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Knives must be for cutting bread

07 Jan 2019 at 14:22hrs | Views
we are now in 2019 and it seems the road is already bumpy with unusual challenges. On apersonal note, I am having to contend with the hard reality that using public transport, my assistant and I need at least $40 per week to go to work  yet An assistant is imposed on me by the fact that Harare is not navigable if one is blind. Before I get carried away dear activist, the purprose of this missive is to set my tone for disability activism. More particularly, to give you indications of what I feel will be my lines of operation for this year. In order to do that, I will reflect on a few things which happened last year.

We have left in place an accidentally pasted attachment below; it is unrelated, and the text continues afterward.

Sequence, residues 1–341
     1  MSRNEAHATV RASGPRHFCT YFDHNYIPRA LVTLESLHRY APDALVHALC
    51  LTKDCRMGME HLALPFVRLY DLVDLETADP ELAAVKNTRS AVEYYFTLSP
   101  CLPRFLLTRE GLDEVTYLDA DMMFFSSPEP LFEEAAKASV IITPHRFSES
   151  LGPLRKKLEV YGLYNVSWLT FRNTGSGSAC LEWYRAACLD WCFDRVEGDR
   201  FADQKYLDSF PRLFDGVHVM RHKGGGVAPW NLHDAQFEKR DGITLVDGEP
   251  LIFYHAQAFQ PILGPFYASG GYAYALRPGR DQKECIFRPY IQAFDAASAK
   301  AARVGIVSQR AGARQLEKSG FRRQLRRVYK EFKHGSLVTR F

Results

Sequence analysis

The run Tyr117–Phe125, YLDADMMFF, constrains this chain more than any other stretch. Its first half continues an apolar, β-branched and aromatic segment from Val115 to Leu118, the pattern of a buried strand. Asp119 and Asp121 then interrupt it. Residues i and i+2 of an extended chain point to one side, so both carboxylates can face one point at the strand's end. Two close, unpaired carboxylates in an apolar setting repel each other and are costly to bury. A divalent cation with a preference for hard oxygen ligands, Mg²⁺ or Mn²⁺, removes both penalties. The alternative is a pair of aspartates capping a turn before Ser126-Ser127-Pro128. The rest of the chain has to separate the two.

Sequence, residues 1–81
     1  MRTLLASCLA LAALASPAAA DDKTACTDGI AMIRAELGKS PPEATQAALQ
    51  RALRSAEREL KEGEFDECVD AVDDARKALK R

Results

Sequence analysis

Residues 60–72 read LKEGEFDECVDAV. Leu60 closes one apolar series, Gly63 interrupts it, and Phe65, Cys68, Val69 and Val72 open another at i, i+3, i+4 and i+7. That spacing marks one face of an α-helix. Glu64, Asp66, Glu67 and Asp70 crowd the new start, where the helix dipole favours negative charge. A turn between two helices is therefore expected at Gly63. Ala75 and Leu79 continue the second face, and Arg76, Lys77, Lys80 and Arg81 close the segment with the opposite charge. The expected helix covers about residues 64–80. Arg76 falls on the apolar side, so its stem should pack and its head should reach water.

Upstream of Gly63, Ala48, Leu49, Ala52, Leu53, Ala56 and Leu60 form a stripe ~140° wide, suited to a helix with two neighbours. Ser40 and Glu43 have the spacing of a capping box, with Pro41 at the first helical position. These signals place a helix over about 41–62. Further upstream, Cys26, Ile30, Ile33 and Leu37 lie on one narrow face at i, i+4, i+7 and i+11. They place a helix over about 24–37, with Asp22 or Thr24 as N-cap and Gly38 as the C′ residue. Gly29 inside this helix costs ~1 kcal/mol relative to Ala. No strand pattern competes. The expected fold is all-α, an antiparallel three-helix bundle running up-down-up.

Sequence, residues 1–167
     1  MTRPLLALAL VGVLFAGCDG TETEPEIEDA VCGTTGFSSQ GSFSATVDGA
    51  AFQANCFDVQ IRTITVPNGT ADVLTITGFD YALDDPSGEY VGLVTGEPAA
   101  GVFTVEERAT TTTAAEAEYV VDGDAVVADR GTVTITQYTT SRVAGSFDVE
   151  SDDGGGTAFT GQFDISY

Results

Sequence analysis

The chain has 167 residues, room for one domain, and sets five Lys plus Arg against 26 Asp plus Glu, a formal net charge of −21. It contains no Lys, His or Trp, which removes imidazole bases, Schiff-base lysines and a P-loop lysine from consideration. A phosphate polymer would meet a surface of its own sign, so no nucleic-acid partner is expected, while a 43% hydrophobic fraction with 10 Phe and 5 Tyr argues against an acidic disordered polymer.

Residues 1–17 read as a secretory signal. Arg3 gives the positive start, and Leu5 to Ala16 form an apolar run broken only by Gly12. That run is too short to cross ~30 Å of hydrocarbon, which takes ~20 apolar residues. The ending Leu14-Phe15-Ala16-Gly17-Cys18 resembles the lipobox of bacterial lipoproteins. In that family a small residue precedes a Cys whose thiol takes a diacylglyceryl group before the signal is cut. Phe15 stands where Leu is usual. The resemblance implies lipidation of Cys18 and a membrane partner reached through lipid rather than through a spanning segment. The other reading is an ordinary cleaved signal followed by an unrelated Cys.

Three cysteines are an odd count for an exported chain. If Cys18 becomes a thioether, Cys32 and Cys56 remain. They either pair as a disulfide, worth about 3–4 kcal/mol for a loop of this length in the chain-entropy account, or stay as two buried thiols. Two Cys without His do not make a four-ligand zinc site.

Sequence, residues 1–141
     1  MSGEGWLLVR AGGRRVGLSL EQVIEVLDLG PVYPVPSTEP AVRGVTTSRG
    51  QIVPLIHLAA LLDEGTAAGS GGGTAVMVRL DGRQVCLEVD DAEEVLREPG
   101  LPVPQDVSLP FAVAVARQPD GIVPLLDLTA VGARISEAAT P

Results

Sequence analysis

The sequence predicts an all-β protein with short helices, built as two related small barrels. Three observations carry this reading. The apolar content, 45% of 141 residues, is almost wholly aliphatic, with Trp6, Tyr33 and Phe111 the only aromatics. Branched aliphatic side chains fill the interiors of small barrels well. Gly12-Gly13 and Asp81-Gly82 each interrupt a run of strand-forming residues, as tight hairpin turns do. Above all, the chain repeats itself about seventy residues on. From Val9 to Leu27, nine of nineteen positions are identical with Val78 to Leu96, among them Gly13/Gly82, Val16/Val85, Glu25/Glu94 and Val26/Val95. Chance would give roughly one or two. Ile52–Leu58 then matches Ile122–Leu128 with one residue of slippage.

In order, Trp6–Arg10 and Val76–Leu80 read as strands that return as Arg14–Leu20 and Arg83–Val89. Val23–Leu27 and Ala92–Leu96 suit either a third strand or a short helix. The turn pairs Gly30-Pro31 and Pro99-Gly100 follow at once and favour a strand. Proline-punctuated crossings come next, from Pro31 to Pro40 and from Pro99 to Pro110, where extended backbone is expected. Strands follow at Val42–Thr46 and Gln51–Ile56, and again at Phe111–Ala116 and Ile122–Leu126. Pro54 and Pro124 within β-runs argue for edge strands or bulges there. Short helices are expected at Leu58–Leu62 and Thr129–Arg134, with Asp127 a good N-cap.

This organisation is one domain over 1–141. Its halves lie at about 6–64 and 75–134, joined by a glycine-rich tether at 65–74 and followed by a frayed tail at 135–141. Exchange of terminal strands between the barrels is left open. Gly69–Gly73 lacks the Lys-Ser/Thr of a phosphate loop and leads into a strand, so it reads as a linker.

2018 is indeed behind us. There were so many interesting things which took place. It being a year for elections, across political divide, disability was a topical issue. Without belittling the other political parties and independent candidates which took part in the elections and  included disability as part of their campaigns, I wish to give highlights of the actions by the two main contending parties on disability. On one hand, Advocate Chamisa's MDC alliance organised meetings at provincial level between its leader and persons with disabilities. At some point during his rallies, Advocate  Chamisa decided to include a sign languages interpreter, a thing which was new in the history of politics and disability inclusion in Zimbabwe.